INSIDE THE WORLD OF BUSINESS
Credit where credit is due as small firms look for lifeline
THE ROASTING the Central Bank’s regulator, Fiona Muldoon, gave the banks over their slow response to the mortgage crisis at the Irish Banking Federation overshadowed other interesting points about the other crisis in banking – the availability of credit to small- and medium-sized enterprises.
IBF president John Reynolds, chief executive of KBC Bank Ireland, noted that many owners of solid SMEs dabbled in speculative property investment during the boom and that this was now affecting their creditworthiness.
The overhang of this debt “must be factored in by banks when making credit decisions”, he said, adding that in no case should the extension of credit be seen as “a panacea” to fundamental and underlying problems in a business.
Where Reynolds noted a big problem here, another speaker, John Moran, secretary general of the Department of Finance, pointed to one possible solution.
He raised a point around an important difference that is sometimes lost in the debate about the availability of credit to businesses – what many companies need is not more debt but fresh investment.
Additional equity and working capital in the restructuring of businesses could release viable SMEs from non-viable property plays, Moran told the conference, and that new sources of equity or mezzanine financing must be found.
He said the department was working to find ways to use the National Pension Reserve Fund to create new funding sources, citing the joint venture with Silicon Valley Bank as an example.
Disentangling the heavy drag of property debt from individuals and viable businesses is the single biggest challenge facing banks and borrower alike. In a country where €3 out of every €5 borrowed during the boom years was on property, be it land, offices or homes, this will take a long time.
No wonder Reynolds said that the results of the banks working with customers in difficulty was “frustratingly slow”.
Corporate responsibility is no fad
YESTERDAY, FOUR companies – Veolia Transdev Ireland, EirGrid, Accenture and Pfizer Healthcare – were awarded the Business Working Responsibly Mark, an annual award presented by Business in the Community, an organisation which promotes responsible and sustainable business practices.
The awards were presented at the annual CEO forum at the Guinness Storehouse.
Among the speakers addressing the 150-plus audience was CRH chief executive Myles Lee, who outlined some of the corporate social responsibility (CSR) measures undertaken by the company: everything from sustainable methods of cement production, to a commitment to reducing the high incidence of health and safety issues among contract staff.
Lee was right on the mark as he discussed the issue of sustainable and responsible business practices in a clear and logical way. CRH’s homesy roots are all well and good, but there is also an “increasing focus from the group’s investor base as to how we’re measuring up” in terms of responsible and sustainable work practices.
As the CEO forum highlighted yesterday, corporate social responsibility isn’t just about generating that warm fuzzy feeling, it’s also about the bottom line. According to research presented yesterday, 71 per cent of chief executives believe that corporate responsibility activities have a positive impact on the bottom line, while 56 per cent believe that it gives them a competitive advantage.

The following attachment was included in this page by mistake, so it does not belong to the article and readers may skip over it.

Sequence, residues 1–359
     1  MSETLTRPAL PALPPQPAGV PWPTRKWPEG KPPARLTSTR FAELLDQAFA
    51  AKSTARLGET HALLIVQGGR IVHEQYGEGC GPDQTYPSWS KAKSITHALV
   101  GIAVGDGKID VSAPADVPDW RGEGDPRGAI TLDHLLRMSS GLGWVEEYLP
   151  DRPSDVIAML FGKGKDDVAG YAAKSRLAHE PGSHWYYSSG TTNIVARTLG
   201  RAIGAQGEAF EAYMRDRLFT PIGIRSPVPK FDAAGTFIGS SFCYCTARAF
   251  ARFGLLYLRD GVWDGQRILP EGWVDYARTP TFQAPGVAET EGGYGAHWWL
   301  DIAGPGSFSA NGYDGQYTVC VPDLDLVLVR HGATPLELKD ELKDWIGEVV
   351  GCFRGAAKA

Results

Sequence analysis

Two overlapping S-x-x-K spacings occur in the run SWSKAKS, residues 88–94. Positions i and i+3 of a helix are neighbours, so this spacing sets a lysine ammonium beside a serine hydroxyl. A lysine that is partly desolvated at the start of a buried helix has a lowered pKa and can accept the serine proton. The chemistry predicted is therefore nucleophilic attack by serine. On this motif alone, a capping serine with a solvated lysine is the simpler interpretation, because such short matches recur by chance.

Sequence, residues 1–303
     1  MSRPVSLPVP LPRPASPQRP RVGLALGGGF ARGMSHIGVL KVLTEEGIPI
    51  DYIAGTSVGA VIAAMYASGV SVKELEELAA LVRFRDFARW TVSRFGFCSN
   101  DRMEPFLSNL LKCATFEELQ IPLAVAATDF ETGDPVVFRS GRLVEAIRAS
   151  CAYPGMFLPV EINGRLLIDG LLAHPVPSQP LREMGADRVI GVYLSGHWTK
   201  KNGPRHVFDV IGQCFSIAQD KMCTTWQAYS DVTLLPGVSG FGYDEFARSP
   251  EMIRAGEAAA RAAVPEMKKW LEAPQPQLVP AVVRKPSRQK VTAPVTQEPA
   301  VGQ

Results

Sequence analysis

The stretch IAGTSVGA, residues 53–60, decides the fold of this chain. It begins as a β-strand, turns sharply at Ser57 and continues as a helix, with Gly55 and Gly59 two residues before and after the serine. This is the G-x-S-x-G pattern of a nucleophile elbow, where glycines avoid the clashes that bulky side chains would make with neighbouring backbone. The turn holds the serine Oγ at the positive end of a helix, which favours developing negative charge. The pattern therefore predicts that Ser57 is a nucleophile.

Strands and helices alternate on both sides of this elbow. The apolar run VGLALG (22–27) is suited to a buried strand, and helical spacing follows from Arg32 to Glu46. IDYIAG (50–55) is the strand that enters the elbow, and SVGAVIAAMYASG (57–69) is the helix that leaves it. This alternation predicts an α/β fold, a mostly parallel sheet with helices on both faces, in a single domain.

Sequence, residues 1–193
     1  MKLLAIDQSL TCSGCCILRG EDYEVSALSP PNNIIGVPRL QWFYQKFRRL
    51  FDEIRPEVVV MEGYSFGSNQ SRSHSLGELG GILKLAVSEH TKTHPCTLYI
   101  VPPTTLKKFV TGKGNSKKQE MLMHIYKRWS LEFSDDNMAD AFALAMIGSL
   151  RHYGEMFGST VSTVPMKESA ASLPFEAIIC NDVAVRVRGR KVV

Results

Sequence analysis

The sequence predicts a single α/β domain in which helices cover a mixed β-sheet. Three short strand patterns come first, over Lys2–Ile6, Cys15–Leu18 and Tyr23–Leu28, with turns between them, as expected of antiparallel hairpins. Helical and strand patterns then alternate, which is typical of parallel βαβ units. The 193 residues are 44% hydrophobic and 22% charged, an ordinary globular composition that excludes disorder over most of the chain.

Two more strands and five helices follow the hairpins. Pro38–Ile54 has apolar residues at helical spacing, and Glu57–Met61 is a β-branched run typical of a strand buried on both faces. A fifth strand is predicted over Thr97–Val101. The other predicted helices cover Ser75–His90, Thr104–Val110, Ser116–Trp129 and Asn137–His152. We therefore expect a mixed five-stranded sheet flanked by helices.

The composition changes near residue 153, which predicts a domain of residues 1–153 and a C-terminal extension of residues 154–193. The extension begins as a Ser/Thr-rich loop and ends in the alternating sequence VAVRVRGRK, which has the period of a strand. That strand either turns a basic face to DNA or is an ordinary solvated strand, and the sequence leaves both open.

As long as ethical and sustainable practices align with commercial objectives, they will continue to be a key strand of corporate activity.
DAA’s €55m offer puts public sector pensions under spotlight
THE DUBLIN Airport Authority’s offer of €55 million to its trade unions to help plug the gap in its pension scheme highlights the gulf between public sector pensions and those offered in the private sector.
For a large cohort of workers at the State-owned company, this would result in a pension, including the State pension, on retirement of 78 per cent of their final salary.
Some might get more while others will get less, depending on where they stand on the pay scale and their service.
Incredibly, the unions sought a solution that would provide a pension of up to 85 per cent.
Unions are out to cut the best deal they can for members, so who can blame them for pushing hard on this?
It’s a different story for the DAA. These pensions are clearly out of kilter with the reality facing most workers at present, even those in the Civil Service, who broadly speaking get a 50 per cent pension and a lump sum.
Remarkably, it seems that the DAA has sought little by way of cost offsets in return for its €55 million.
This tab will be picked up by each person using the DAA’s airports.
The DAA pension scheme is jointly operated with Aer Lingus and SR Technics. Each is trying to find its own solution for their workers.
The DAA’s deal has a knock-on effect for Aer Lingus, which has more members in the scheme and believes it could be hit with a bill of more than €200 million.
Its pilots, who are in a separate scheme, are awaiting the outcome before beginning their own talks with the company on their deficit.
We can be sure about one thing – such a figure won’t fly with Aer Lingus’s shareholders, particularly Ryanair.
Results this week from Intel and IBM are followed up today with first quarter results from Microsoft. The next two weeks see earnings reports from many of the big US tech firms.
Quote of the day
"Due to the seemingly insurmountable evidence that Lance Armstrong participated in doping and misled Nike for more than a decade, it is with great sadness that we have terminated our contract with him"
– Nike calls time on its relationship with Armstrong